16. Portable, collapsible camping table comes in handy. Customers of REI rave about this table which folds up to a lightweight 10 pounds.  Folded dimensions are 5/5” x 32” for a table that measures 35”x35”x28” when open and holds up to 100 pounds. Super durable, this item retails for about $78.00 on REI’s website.

17. Need a flexible jewelry display option? Use music stands for a unique solution. Buy several and arrange them in your booth space. A great way to fit your product line into different spaces. Thanks to Eduardo of Watch Craft for this idea!

18. Interlocking foam flooring keeps your booth cushioned underfoot. Use modular interlocking foam flooring tiles (in a variety of colors) to make your booth a comfortable place to do business. These sell for about $1.89/sq. ft.

19. How many ways can you use Foamboard in your booth? Millions! Super lightweight, disposable and easy to cut with a mat knife, this essential item can easily be obtained from Dick Blick, Utrecht, Michaels, etc. If you use enough of it, ask for a bulk discount. A favorite of cheapskates everywhere.

20. Cardboard pedestals are a popular and useful display choice. Choose from all different sizes, and make your booth look amazing. Super lightweight, they pack flat and assemble in seconds. Check out Pedestal Source  for prices and details.

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  1. Thank you for the VERY helpful info.

    At my last art show, I ran out of space, so I used my suitcase to display some of my items. I draped the opened suitcase with some colorful fabric. which created a box-like effect and used it for small items It worked well. Using the suitcase, will allow me to use one less box for the next show!

    I make big, colorful leather flowers. Displayed in a vase,they add a nice touch and always draw attention to my booth.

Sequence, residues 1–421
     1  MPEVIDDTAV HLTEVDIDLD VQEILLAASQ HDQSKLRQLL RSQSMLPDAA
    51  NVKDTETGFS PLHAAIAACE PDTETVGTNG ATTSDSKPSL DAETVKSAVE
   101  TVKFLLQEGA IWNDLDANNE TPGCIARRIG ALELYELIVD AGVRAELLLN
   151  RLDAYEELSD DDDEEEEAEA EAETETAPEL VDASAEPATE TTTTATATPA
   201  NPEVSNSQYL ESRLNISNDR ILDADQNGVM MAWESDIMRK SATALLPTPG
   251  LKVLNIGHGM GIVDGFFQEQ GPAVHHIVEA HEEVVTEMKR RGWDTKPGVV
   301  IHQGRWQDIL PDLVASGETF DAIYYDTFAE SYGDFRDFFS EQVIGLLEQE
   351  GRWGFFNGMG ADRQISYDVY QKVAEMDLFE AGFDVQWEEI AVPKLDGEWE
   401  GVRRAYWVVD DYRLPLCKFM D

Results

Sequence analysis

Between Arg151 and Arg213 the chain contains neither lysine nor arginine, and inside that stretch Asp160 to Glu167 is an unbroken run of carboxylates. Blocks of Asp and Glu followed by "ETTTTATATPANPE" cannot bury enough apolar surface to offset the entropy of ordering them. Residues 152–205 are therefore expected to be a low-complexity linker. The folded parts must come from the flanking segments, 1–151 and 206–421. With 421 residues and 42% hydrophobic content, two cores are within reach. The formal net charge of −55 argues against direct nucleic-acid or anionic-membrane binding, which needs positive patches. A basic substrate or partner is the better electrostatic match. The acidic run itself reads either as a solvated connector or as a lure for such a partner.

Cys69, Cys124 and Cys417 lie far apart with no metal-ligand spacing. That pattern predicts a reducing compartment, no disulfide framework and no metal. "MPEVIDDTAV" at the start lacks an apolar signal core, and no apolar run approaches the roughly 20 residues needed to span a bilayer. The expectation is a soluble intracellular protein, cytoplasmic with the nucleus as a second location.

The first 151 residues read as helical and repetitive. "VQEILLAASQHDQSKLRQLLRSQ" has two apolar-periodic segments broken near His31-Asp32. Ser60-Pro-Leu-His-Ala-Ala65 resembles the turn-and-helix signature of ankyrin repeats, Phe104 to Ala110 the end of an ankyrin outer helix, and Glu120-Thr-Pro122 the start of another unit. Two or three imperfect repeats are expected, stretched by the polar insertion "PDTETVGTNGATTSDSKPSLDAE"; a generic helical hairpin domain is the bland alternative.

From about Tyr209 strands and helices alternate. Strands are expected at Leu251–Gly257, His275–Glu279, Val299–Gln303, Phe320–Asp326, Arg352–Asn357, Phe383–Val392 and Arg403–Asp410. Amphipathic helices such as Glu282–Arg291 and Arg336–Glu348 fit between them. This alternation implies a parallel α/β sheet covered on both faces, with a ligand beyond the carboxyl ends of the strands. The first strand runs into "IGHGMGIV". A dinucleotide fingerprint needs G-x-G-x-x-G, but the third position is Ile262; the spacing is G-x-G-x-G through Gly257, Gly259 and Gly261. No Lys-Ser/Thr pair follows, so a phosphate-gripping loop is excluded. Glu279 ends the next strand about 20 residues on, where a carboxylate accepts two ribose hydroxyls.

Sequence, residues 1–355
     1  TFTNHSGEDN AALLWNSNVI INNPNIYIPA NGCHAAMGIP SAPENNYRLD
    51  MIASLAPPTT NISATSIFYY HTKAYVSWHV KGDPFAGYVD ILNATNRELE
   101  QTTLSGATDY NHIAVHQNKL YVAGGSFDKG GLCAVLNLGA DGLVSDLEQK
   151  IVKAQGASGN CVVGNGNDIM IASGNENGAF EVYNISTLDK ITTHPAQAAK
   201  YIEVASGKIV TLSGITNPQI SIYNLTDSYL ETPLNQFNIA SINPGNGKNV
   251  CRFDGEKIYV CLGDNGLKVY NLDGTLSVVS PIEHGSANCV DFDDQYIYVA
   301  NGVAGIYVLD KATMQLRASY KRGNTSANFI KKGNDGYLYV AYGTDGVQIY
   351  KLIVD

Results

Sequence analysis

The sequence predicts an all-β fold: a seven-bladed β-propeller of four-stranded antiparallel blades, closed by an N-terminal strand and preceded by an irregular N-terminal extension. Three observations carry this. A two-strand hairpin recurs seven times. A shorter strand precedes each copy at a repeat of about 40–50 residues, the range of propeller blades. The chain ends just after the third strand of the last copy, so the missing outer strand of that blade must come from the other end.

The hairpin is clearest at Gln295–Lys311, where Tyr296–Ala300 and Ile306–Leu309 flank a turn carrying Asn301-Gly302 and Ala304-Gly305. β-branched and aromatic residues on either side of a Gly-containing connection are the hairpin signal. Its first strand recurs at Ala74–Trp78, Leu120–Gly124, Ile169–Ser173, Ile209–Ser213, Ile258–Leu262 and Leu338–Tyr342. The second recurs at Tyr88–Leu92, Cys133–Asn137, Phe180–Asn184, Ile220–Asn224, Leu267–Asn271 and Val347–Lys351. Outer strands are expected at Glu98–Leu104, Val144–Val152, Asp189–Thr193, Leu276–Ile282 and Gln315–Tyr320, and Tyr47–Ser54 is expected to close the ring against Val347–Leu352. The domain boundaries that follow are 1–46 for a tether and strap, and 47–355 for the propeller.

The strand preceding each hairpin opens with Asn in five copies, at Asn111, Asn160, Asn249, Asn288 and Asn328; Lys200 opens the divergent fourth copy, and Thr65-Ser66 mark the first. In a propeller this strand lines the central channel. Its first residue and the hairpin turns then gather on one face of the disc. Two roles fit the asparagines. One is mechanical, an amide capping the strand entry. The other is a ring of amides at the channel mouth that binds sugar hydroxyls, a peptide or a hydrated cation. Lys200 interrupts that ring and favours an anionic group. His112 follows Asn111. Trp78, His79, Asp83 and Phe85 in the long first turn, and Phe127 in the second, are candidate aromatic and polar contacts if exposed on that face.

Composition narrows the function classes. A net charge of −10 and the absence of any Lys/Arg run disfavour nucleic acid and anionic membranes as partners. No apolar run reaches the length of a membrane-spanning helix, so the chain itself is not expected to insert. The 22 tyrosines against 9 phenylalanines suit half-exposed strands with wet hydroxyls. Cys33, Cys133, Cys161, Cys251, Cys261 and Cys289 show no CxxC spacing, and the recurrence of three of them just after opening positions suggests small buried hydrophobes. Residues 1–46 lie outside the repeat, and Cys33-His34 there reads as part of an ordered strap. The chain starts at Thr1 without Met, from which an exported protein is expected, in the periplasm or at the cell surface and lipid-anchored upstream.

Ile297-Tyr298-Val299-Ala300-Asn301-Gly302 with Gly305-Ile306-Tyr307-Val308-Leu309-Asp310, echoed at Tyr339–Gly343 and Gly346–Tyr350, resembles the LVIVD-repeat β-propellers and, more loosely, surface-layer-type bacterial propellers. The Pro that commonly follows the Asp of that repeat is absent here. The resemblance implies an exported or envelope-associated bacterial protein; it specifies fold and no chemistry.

I will definitely use some of your tips for my next show.

    Take care

  2. Hey, great article, but I would really like to see a series of photograhs of successful booths and comparisons with what to do and what not to do.

  3. This is a great list. Have to bookmark even though I do not do much shows now. But could also be good ideas for setting up in-store displays. Thanks.

  4. Could you give some advice on booths for photographers? Thanks!

    • Most photographers use an open gridwork and lightweight wall system, but pro-panels give a much more finished, gallery presentation. They are a bit heavier, but hold track lighting better. The best tip for photographers that we can offer… lots of space, multiple flip bins and… heavily weighted mats on everything. Only big box stores have evenly matted photos for sale. A wide bottom mat improves perceived value dramatically!

  5. Can you give me any suggestions for vendors who can print large scale photos and mount on foam core to hang in my booth?
    Thank you!

  6. They come in different sizes and comprise a graphical sheet or
    banner, which exhibitors usually have customised as per their message and
    a metal stand. Other accessories like lamps and
    brochure stands can also be fit to its side panel to hold company brochures or catalogues.
    Whatever your budget, there will be a display
    that suits your requirements.

  7. marilyn reed says

    I have a service business,such as murals and faux finishing,stenciling and textures/furniture,home accessories.Have you helped others in this field? Was wondering if there is something on your site that pertains to this type of business.
    I have started to set up at some shows for our furniture and home accessories. How would I go about finding some of the top show s in Ohio?

  8. William Butler says

    Another great tip is to run your booth lighting from battery power. Electric rental fees are insanely high, so it’s an easy way to save some good money. If you are technically inclined, you can build a system yourself with some good LED lights and a car or motorcycle battery. Pro Panels has put together a nice write-up on building your own system (http://www.propanels.com/lighting/battery/). If you want to go with a ready-made system, the best I’ve found is from Silicon Lightworks: http://siliconlightworks.com/sk2b-light-kit

  9. Lots of great ideas here, thank-you, I took notes!

  10. Diana Zimmerman says

    What’s the best way to get feedback on your artwork?

  11. “Looks nice! Nice img!”